It is the accumulation of blood in the anterior chamber of eye following trauma. Trauma is the most common cause of hyphaema. Traumatic hyphaema may occur following both blunt and penetrating injuries. A ruptured iris blood vessel generally causes bleeding. Hyphaema may affect vision by blocking the visual axis. Hyphaema may also be a sign of associated damage to intraocular tissues. Damage to intraocular tissues may be the cause of poor vision in spite of resolution of hyphaema.
The anterior chamber is the area bounded by the cornea anteriorly, the angle laterally, and the lens and iris posteriorly. This space normally contains clear, aqueous humor, which is produced by the ciliary body and drained through the Canal of Schlemm. A hyphema is usually painful. If left untreated, it can cause permanent vision problems.
Traumatic hyphaema predominantly affect males in the age group below twenty years
Following conditions may produce spontaneous Hyphaema
- Rubeosis iridis
- Juvenile Xanthogranuloma
- Anticoagulant therapy
- Iatrogenic hyphaema may occur during intra-operative procedures or may develop post-operatively. Hyphaema may also develop following ocular laser procedure.
- Spontaneous hyphaema may be secondary to neo-vascularisation, ocular neoplasms, uveitis or vascular anomalies.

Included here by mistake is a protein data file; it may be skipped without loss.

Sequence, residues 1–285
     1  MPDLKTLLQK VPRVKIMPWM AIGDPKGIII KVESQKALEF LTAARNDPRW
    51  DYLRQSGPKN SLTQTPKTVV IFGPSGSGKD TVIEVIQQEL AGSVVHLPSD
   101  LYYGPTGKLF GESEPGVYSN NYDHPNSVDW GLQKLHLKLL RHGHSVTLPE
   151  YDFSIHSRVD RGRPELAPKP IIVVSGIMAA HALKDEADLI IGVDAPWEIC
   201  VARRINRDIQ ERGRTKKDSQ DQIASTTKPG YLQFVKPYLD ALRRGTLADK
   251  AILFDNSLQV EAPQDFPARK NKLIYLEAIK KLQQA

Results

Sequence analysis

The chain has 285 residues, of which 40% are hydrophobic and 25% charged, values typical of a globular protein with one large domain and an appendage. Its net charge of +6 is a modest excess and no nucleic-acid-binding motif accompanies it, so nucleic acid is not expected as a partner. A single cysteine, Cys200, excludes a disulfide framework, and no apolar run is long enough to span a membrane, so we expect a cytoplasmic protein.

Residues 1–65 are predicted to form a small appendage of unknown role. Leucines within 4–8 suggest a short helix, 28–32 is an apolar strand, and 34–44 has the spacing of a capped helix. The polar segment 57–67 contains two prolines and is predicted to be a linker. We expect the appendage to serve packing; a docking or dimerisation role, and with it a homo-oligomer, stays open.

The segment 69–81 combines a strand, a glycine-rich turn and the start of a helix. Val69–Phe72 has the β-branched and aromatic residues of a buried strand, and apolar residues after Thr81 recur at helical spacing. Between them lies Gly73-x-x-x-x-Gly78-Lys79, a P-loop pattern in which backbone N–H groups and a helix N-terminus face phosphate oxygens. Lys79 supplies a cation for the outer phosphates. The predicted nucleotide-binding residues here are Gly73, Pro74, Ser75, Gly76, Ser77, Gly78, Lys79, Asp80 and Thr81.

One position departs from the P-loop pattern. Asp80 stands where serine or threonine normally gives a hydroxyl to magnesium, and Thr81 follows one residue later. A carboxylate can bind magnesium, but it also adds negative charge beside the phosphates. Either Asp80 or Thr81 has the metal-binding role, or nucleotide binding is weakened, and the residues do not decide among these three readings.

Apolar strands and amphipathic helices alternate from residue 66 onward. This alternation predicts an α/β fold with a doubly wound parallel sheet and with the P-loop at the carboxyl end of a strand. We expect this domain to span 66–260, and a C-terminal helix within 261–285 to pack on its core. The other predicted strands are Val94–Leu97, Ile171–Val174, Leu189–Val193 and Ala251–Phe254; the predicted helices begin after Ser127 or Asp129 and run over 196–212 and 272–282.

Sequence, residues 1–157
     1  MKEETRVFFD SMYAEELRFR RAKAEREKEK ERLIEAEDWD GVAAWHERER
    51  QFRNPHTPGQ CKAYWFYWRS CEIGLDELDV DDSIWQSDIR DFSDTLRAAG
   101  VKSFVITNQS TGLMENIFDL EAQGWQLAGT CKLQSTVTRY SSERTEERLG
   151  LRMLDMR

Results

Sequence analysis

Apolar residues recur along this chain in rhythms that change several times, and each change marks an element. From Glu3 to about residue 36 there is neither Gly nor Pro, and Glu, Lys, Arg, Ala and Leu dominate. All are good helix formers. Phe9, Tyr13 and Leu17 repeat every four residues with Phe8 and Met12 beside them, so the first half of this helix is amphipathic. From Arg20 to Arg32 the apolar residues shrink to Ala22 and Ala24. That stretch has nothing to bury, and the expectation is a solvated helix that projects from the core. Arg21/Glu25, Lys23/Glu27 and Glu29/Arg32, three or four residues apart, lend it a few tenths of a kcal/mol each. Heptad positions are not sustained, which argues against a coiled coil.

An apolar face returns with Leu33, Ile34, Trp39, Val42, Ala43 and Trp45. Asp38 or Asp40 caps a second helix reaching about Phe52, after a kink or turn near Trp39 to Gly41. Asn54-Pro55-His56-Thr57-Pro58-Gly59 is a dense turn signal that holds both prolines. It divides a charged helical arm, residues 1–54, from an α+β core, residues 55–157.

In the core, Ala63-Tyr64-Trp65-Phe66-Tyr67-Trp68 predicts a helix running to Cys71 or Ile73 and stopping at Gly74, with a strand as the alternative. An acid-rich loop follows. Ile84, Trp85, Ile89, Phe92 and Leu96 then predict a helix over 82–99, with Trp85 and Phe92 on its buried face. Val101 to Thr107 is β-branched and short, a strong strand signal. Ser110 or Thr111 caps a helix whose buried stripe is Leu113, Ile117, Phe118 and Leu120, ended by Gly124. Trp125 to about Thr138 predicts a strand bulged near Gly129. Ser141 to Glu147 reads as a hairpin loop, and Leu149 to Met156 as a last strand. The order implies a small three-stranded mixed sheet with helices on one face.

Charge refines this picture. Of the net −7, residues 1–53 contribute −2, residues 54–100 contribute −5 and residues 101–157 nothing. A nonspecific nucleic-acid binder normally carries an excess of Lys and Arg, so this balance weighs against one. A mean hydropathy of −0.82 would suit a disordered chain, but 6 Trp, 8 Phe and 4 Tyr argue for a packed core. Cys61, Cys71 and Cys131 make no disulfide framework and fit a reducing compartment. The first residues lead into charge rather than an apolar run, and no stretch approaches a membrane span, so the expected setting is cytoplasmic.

- Pain in the eye.
- Diminution of vision
- Drowsiness, especially in children
- comprehensive eye exam to test your ability to see
- eye pressure check
- examination of inside of the eye with a special microscope called a slit lamp
- a CT scan might be ordered to check for fracture of the orbit (socket) if there was trauma to the eye
The grades are:
- Microscopic:Circulation of red blood cells only, no layering.
- Grade I:Less than 33% of anterior chamber is filled with blood.
- Grade II:33%- 50% of anterior chamber is filled with blood.
- Grade III:50%- 95% of anterior chamber is filled with blood.
- Grade IV:100% of anterior chamber is filled with blood (Total or ‘Eight ball’ hyphaema).
- Increased intraocular pressure
- Corneal blood staining
- Formation of peripheral anterior synechia
- Secondary haemorrhage
- Optic atrophy
BOTHROPS - blindness from hemorrhage into retina. Hemoralopia, day blindness, can hardly see her way after sunrise, conjunctivial hemorrhage.
PHOSPHORUS- Thrombosis of retinal vessels and degenerative changes in retinal cells. Blood extravasations;
ARNICA- retinal hemorrhage. Bruised, sore feeling in eyes after close work. Must keep eyes open. Dizzy on closing them. Feel tired and weary after sight-seeing
HAMAMELIS- Painful weakness, sore pain in eyes, bloodshot appearance, inflamed vessels greatly injected. Hastens absorption of intraocular hemorrhage.
LACHESIS- Defective vision after diphtheria, extrinsic muscles too weak to maintain focus. Sensation as if eyes were drawn together by cords which were tied in a knot at root of nose.